Brain Controlled Fluid Simulation

[vimeo 3157584]

Here’s another video demo of [Eric]’s Besmoke interactive fluid simulation that we covered earlier. It was put together for the BIL Conference last weekend. This time around he’s strapped the iPhone to his head (complying with California’s handsfree laws). To make things interesting, he’s also added OCZ’s Neural Impulse Actuator to provide brainwave input.

18 thoughts on “Brain Controlled Fluid Simulation

  1. I’m going to write a synth app to play a distorted audio sample on a DS, hook it up to a bluetooth audio transmitter, connect a receiver to a bigass sound system, strap the DS to my forehead, and play the thing by drawing on the touchscreen with my tongue, while I dance. That might make me hackaday-worthy.

    Okay, to be fair, the video wasn’t too bad, and I kind of liked the music.

  2. Song is cool. Navier-stokes is so 20th century. I want one of those mind activity input thingies though! Can they do anything more than “thinking really hard”/”not thinking” yet?

  3. @tim

    Not unless you practice hard. I’ve read a few reviews and though it’s supposed to be able to detect eye movement and actual brainwave fluctuations rather than just the tensing and relaxing of facial muscles, as shown here, you need to practice every day for a long long time.
    I still want one.

  4. @queeg

    Awesome, thanks!

    actually, the NIA doesn’t work by thinking really hard. IIRC, you have to calibrate it by moving certain body parts so that it recognizes the signal for moving that part. for example, if you wanted to, say, make it send the signal equivalent to the W key on a keyboard, you could tilt your head forward. Thats why the guy in the video was dancing around like that, he had calibrated the NIA to react to those signals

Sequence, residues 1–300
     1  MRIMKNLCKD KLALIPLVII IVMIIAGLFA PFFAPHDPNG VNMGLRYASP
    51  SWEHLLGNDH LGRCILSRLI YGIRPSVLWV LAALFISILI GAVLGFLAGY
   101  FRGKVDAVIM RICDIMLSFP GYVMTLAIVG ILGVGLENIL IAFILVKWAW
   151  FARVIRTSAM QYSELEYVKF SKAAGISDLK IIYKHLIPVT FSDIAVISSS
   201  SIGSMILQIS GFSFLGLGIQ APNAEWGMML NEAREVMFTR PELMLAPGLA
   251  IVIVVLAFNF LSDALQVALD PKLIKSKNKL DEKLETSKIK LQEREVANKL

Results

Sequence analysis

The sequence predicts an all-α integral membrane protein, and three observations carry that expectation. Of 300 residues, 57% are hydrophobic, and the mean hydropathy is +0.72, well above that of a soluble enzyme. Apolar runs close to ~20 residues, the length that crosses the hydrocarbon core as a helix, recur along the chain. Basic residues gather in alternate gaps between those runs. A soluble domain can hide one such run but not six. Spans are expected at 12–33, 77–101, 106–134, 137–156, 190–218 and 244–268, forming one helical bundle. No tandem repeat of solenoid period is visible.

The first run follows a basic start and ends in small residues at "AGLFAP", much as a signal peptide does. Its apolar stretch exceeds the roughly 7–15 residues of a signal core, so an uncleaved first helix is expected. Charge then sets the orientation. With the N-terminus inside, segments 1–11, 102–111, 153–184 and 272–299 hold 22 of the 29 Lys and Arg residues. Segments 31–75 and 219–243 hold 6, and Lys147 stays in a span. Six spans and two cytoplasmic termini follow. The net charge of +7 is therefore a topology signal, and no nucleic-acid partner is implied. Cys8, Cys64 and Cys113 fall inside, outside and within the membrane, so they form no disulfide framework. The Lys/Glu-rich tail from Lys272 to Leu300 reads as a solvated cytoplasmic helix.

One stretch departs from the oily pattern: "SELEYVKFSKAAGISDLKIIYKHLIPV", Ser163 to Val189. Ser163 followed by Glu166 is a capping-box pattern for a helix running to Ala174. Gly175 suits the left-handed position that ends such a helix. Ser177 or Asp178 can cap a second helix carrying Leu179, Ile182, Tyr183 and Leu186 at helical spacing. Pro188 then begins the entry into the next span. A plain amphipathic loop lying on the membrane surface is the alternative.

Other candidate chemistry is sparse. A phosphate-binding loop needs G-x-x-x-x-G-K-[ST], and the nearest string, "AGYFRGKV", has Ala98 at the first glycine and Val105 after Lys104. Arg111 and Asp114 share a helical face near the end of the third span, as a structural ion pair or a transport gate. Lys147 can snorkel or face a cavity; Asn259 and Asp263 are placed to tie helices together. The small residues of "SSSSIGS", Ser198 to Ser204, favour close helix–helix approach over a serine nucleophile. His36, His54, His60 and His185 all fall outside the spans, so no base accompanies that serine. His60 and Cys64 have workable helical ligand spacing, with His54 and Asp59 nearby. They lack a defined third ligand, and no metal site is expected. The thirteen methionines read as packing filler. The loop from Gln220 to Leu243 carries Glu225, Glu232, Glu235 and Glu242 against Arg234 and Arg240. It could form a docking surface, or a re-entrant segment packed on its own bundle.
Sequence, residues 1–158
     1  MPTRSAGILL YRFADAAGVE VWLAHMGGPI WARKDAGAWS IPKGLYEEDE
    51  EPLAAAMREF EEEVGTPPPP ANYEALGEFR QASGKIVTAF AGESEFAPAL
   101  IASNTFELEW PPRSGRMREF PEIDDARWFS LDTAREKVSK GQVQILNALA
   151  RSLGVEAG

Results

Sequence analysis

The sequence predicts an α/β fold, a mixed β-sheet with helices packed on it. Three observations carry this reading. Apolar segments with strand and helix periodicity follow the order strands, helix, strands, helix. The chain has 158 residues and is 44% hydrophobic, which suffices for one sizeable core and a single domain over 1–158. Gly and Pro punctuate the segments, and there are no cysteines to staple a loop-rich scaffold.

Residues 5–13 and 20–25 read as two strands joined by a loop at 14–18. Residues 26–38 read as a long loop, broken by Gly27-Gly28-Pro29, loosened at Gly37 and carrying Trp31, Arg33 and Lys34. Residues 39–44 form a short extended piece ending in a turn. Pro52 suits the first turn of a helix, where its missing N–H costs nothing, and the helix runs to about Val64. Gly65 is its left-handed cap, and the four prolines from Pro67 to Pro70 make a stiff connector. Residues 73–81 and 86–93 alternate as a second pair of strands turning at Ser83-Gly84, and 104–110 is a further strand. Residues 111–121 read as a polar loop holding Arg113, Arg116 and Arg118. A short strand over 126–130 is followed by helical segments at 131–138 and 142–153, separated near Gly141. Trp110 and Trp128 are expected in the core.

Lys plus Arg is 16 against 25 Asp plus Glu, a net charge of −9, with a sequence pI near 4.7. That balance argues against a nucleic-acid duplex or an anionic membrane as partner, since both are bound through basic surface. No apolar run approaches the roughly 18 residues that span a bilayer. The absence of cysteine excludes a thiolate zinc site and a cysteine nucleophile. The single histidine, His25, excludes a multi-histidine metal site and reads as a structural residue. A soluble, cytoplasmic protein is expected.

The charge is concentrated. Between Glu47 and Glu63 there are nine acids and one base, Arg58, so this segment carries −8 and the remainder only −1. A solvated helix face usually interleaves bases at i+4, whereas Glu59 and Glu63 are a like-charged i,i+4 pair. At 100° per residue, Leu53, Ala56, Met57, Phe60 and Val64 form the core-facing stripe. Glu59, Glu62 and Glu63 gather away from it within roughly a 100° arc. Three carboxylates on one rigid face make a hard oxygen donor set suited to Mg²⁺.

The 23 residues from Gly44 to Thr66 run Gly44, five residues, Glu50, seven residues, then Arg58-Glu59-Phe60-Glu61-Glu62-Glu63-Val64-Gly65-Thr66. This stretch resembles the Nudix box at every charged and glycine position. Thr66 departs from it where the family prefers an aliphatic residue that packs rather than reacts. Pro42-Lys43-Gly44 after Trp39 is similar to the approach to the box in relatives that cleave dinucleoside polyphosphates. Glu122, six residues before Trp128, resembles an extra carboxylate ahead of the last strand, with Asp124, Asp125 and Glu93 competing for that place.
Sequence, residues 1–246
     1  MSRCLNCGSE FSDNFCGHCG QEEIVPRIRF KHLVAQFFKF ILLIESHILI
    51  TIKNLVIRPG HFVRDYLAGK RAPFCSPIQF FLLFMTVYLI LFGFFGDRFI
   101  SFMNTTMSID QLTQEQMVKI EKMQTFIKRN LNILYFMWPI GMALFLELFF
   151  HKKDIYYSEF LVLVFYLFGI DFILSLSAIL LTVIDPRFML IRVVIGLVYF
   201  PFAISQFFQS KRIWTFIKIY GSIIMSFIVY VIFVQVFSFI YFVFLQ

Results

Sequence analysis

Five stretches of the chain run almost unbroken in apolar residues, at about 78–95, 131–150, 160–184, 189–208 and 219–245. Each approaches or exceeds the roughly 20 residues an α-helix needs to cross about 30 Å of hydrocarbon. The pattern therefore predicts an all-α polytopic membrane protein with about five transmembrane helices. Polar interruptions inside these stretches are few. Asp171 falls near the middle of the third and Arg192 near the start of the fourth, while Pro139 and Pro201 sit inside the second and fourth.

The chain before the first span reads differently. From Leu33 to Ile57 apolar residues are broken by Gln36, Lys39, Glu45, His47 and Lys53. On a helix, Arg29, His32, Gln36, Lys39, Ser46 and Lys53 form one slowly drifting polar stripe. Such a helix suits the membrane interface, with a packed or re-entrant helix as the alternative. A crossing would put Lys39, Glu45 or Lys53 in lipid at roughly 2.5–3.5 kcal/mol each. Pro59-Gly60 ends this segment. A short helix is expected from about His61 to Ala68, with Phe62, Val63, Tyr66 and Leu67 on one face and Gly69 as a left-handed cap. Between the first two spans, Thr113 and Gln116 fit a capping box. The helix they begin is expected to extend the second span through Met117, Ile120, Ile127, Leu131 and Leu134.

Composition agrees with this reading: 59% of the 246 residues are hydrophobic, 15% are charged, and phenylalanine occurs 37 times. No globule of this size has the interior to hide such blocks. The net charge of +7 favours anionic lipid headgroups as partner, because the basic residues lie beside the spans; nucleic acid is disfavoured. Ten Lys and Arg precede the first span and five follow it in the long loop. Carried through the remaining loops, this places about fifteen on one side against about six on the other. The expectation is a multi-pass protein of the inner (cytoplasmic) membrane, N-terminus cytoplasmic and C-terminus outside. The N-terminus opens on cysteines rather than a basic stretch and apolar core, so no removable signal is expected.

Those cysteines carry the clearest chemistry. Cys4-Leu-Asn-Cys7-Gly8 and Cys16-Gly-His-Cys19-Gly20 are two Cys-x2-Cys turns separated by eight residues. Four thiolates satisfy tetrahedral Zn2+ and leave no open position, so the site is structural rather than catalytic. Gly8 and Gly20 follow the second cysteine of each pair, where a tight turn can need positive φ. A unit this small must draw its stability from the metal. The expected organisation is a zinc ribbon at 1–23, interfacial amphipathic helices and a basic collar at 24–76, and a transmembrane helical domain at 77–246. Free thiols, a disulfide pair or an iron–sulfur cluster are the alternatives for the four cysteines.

5. Hmmm, if you could hook that to a monitoring system with a little more juice/ wasn’t easily available on the market for silly silly gamers you could probably do better.

    That being said, I’d like to see it used during sleep.

  6. I don’t think the OCZ/NIA is using much brain wave activity. For one it is very difficult to get a good EEG even when you are sitting still. Also the positioning of the electrodes isn’t quite where you want to pick up good EEG signals. You can monitor some frontal lobe activity but not anything very significant. The SMR strip that runs from one ear to another over the top of the head. Electromyogram and electrooculogram are not brain wave sampling techniques. They are only the electrical activity of the muscles surrounding the eyes. This is notoriously difficult to control consciously. The OpenEEG project is something I’d like to see wired into this. Overall a neat hack but mistitled.

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